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United States v. Carter

United States District Court, S.D. Georgia, Augusta Division

January 31, 2017

UNITED STATES OF AMERICA
v.
MELVIN CHRISTOPHER CARTER

          ORDER

          BRIAN K. EPPS, UNITED STATES MAGISTRATE JUDGE

         Before the Court are the various pre-trial discovery motions filed by Defendant. Many (if not all) discovery issues should be addressed in full by the Court's rulings below and the liberal discovery policy that the government has confirmed it is applying in this case. Indeed, Defendant does not allege any specific inadequacies in the discovery provided by the government to date, and the government states it has furnished Defendant with one DVD containing an electronic copy of the investigative file, video recordings, and other documents which are material to the case, excepting attorney and agent work product. (Doc. no. 184, p. 1.) All known statements by Defendant, as well as any criminal record for Defendant, have also been provided. (Id. at 1, 2.)

         To the extent, if any, either party believes there are specific inadequacies in the discovery exchanged to date that are not addressed below, the Court directs such party to confer in good faith with the opposing party and file, if necessary, a discovery motion and supporting brief within seven days from the date of this Order.

         MOTION FOR LIST OF GOVERNMENT WITNESSES

         Defendant requests an order directing the government to furnish a complete list of witnesses. In non-capital cases such as this case, a defendant is generally not entitled to a list of government witnesses. United States v. Massell, 823 F.2d 1503, 1509 (11th Cir. 1987); United States v. Johnson, 713 F.2d 654, 659 (11th Cir. 1983); United States v. Colson, 662 F.2d 1389, 1391 (11th Cir. 1981). While this Court retains the right to exercise its discretion in permitting Defendant to have access to a list of government witnesses, at most the government would be required to comply with this request not more than fourteen days prior to trial. Therefore, the Court DENIES this motion. (Doc. no. 178.) However, as a practical matter, it would appear that Defendant will be receiving much of this information because of the government's liberal discovery policy and because of the government's obligation to disclose material pursuant to the Jencks Act and/or Brady v. Maryland, 373 U.S. 83 (1963).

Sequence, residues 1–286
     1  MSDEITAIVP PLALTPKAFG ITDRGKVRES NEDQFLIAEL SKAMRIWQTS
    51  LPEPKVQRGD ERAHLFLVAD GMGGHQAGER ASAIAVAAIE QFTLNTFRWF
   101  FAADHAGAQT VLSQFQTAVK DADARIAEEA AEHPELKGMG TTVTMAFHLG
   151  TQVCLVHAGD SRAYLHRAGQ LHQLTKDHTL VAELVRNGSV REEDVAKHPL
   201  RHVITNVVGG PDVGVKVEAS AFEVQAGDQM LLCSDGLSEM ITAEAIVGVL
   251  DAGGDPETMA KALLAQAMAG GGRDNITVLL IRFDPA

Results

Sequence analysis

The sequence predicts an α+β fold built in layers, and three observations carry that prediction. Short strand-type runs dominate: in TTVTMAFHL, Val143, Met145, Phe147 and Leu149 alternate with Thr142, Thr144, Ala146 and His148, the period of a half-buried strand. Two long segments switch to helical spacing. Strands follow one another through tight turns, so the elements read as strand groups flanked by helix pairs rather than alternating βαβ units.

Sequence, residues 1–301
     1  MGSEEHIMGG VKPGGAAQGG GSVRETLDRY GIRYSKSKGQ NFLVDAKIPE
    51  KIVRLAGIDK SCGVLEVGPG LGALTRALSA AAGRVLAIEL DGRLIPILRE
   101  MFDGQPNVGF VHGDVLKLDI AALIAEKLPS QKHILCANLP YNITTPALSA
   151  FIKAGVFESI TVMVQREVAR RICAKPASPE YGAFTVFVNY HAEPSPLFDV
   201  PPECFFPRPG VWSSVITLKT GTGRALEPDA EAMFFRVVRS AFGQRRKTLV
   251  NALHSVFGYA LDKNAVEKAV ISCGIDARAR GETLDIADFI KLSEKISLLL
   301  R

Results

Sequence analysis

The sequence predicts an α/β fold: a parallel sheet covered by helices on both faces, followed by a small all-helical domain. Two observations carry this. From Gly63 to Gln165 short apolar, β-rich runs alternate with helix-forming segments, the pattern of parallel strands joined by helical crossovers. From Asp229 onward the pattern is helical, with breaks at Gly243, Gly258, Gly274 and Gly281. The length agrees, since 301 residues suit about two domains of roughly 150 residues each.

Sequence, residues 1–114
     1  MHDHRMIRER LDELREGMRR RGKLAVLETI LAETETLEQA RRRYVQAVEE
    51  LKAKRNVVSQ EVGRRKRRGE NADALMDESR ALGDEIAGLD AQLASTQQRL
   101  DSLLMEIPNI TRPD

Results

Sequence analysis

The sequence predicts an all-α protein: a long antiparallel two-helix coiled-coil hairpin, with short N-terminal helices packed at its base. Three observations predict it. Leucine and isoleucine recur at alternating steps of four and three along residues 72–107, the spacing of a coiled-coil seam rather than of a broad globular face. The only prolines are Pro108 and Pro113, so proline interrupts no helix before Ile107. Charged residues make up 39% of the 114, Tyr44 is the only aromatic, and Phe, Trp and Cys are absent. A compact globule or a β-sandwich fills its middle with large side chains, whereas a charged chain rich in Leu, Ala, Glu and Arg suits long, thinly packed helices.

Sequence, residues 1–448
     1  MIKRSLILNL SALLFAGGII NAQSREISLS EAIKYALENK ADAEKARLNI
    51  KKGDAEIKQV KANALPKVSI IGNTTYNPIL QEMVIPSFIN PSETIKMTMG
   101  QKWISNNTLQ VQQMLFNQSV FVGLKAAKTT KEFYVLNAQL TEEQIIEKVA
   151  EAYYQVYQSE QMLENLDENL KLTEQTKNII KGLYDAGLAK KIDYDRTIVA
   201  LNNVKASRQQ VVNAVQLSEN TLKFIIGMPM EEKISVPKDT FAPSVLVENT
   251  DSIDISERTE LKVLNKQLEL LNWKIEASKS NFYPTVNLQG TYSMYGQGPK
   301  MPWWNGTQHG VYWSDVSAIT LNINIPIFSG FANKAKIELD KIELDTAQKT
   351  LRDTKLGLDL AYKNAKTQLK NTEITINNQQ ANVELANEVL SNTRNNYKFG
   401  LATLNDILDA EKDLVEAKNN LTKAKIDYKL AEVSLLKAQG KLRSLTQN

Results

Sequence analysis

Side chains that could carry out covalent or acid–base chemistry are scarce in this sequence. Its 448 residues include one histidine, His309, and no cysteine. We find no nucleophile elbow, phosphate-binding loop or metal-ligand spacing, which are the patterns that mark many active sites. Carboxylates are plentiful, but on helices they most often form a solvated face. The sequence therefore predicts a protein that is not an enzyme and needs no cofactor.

MOTION FOR NOTICE BY THE GOVERNMENT OF THE INTENTION TO RELY UPON OTHER CRIMES EVIDENCE PURSUANT TO FEDERAL RULE OF EVIDENCE 404(b)

         Defendant seeks notice of the government's intention to use at trial evidence of “other crimes, wrongs or acts” under Fed.R.Evid. 404(b). This motion is MOOT (doc. no. 179) because the Court, in its Arraignment Order, directed the government to provide such notice in accordance with the Local Rules.

         MOTION TO PROVIDE TRANSCRIPTS OF GRAND JURY PROCEEDINGS

         Defendant moves to disclose grand jury proceedings, including a transcript thereof. As the government states it produced the grand jury transcripts to defense counsel on January 6, 2017, the motion is MOOT. (Doc. no. 180.)

         MOTION FOR DISCLOSURE OF EXCULPATORY AND IMPEACHING MATERIAL

         Defendant seeks the disclosure of exculpatory and impeaching information in accordance with the principles of Brady v. Maryland, 373 U.S. 83 (1963), and Giglio v. United States, 405 U.S. 150 (1972). (Doc. no. 181.) To some extent, Defendant's request exceeds the scope of the requirement in Brady for government disclosure of information that is favorable to a defendant and material to the issues of guilt or punishment. Brady, 373 U.S. at 87; United States v. Agurs, 427 U.S. 97 (1976). The Court GRANTS the motion to the extent that the government must provide all Brady material to Defendant within five days of the date it is received or its existence becomes known. The government must disclose impeaching information not less than fourteen days prior to trial.

         MOTION FOR EARLY DISCLOSURE OF JENCKS ACT MATERIAL

         The Jencks Act, 18 U.S.C. § 3500, requires the government to provide a defendant with statements of witnesses immediately following their testimony in court. There is no authority for the Court to grant an early release or disclosure of that material. United States v. Schier, 438 F.3d 1104, 1112 (11th Cir. 2006); United States v. Jordan, 316 F.3d 1215, 1251 & n.78 (11th Cir. 2003); United States v. Jimenez, 613 F.2d 1373, 1378 (5th Cir. 1980). Yet because the government does not oppose the motion and early disclosure of Jencks Act material will avoid unnecessary ...


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